Mass media are shaping how an entire generation of children see themselves, one skinny model or candy-coated cereal at a time. And the results likely will carry into adulthood and shape not only quality of life but quantity.
Think Barbie doll, fast-food cheeseburger, candy masquerading as breakfast cereal. Then follow the thoughts to their possible consequences, including osteoporosis, diabetes, heart disease, steroid use, even premature death. Not to mention an unhealthy self-image along the way.
"I'm not talking about isolated eating disorders. We have disordered eating across the board," said Barbara Storper, a nutritionist who wrote and directs "This is Your Life," a presentation on nutrition and health that's currently making the rounds to about 30 Utah junior highs and middle schools, sponsored by Intermountain Health Care.
During the 45-minute, two-actor show, which played twice at Bountiful Junior High on Tuesday, students are challenged to think about the messages they get from mass media. In one segment, Barbie goes on trial. Girls are "killing themselves to look like that and it's impossible," notes the fake prosecutor, Mike, who points out that fewer than 2 percent of females have a body that would even slightly conform to the Barbie mold. Smoking, skipping meals and over-exercising to try to achieve that "look" won't work and is harmful, he said.
In another segment, the two compared lunches. Mike had brought a QuarterPounder — 12 teaspoons of fat, actress Julie told him. "It's like eating a half stick of butter."
Her lunch came from McDonald's, too. But it was healthy, including a salad and a chicken sandwich without any fat-filled sauces. The bottled drink she'd been sipping, though, billed as a juice, contained way too much sugar.
Storper tries to use humor and interaction to get her message across, because Americans of all ages have embraced harmful eating trends. A survey, she said, shows that two-thirds of girls in fourth grade have dieted. Not only do some develop eating disorders, but "the more you diet as a child or adolescent, the harder it is to lose weight when you're older."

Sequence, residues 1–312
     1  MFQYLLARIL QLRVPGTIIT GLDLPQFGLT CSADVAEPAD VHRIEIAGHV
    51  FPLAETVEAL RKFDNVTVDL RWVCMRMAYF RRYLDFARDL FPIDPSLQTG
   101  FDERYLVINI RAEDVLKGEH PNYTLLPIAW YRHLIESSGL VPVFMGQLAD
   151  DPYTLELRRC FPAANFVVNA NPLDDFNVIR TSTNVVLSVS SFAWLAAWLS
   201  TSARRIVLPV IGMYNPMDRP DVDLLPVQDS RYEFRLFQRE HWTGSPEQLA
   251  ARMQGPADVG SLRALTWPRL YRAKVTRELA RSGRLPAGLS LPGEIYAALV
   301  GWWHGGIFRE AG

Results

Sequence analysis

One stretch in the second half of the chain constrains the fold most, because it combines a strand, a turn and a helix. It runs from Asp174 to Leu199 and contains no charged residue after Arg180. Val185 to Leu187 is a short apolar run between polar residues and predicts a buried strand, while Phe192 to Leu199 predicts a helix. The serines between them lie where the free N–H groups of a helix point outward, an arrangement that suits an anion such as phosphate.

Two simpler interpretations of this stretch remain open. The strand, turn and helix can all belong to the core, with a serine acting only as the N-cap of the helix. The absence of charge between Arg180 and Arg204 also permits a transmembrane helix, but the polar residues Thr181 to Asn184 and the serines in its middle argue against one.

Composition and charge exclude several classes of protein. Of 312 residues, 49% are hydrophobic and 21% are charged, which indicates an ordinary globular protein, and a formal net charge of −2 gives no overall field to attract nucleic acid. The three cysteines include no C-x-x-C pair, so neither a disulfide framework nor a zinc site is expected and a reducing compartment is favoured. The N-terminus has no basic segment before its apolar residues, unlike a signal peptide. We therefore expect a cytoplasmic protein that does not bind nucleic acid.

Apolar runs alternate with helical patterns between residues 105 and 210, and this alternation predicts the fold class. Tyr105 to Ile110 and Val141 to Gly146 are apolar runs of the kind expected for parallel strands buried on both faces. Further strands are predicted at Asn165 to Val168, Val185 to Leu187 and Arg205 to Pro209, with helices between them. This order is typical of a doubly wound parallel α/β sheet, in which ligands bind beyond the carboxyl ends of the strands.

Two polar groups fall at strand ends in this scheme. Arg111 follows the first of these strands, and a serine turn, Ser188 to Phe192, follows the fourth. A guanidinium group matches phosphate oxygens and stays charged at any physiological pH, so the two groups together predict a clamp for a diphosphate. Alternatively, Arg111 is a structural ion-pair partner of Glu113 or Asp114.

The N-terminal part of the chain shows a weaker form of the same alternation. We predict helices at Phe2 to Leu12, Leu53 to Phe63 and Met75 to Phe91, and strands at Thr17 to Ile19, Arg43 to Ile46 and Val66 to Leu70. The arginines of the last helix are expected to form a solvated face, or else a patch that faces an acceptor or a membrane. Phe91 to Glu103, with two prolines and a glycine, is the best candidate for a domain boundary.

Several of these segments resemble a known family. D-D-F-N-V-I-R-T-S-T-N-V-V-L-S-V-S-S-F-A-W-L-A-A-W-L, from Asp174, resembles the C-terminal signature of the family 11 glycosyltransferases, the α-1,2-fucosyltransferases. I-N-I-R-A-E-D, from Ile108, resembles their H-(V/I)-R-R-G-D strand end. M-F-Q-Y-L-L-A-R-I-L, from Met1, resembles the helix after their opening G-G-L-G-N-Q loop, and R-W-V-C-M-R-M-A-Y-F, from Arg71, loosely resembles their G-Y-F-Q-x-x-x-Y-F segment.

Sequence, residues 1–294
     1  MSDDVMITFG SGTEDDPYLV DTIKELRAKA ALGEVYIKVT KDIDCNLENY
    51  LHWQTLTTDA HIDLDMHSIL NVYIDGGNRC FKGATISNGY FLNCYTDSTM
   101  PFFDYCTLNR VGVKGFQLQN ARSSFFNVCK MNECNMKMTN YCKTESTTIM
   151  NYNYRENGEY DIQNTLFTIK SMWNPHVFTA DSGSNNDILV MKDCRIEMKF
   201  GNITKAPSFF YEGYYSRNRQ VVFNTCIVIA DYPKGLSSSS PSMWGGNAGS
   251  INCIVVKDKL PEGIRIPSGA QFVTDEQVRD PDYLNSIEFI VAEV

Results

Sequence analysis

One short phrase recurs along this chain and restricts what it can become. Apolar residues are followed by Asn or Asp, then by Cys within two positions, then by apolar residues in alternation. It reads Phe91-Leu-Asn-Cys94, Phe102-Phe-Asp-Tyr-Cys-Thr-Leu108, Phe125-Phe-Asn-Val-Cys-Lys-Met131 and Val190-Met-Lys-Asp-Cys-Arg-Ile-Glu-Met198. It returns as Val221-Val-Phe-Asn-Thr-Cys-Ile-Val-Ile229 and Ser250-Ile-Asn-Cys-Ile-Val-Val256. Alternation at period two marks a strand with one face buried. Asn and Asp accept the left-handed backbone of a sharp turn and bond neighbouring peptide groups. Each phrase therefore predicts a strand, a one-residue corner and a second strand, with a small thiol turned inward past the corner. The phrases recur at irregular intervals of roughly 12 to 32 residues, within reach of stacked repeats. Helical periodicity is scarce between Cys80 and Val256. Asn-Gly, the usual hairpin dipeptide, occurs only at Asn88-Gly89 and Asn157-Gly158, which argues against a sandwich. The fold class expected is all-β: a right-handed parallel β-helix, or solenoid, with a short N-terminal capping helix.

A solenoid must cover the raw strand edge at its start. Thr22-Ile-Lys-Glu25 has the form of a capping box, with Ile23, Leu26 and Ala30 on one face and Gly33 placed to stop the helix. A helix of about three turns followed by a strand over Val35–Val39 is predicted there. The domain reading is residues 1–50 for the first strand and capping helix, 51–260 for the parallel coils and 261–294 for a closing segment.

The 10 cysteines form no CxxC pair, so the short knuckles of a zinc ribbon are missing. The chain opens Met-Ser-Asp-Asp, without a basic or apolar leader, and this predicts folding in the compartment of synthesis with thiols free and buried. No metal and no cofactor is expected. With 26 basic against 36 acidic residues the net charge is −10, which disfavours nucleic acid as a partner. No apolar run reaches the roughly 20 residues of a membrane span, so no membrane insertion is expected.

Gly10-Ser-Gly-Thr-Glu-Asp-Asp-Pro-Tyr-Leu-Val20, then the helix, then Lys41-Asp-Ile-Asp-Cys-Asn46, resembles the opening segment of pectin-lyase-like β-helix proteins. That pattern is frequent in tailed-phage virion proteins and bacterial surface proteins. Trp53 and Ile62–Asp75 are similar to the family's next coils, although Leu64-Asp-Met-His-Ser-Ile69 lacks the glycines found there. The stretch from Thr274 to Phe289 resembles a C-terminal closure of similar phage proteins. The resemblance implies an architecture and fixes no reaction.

Unhealthy eating habits — whether overeating or starving yourself — combined with a sedentary lifestyle are a recipe for disaster, she said, citing Centers for Disease Control and Prevention projections that of children born in the year 2000, half of African-American or Hispanic children will develop diabetes over their lifetime. For Caucasians, it's a smaller, but still dismal one-third.
Her goal, she said, is to "get kids to make good choices for health. The majority of TV commercials are promoting junk foods. We are trying to get kids to be media savvy and know that the ads they see aren't all in their best interests."
She said parents and children should see that nutritious lunches are a priority at school. They need to be aware of vending machines and what's being sold in them.
Parents also need to "make sure there are gym classes and recess at school."
Other steps that help, she said, include limiting TV commercials for kids (she'd like to see rules tackle that one), helping kids learn to make healthy choices — the average teen consumes 750 cans of soda pop a year — and more family physical activities like taking walks and eating meals together.
Healthy food can be less expensive, she said. The more you process a potato to turn it into something else, for instance, the more expensive and less healthful it becomes.
The actors also pointed out the importance of building strong bones now. About half of the human skeleton is built between age 11 and 18. Excessive dieting or inadequate exercise can both impact bone density.
Eating enough fruits and vegetables, they said, builds the immune system and improves brain activity. It's a great hedge against being sleepy in school. So is eating breakfast, the most important meal of the day.
The show is presented by Emmy award-winning FoodPlay Productions.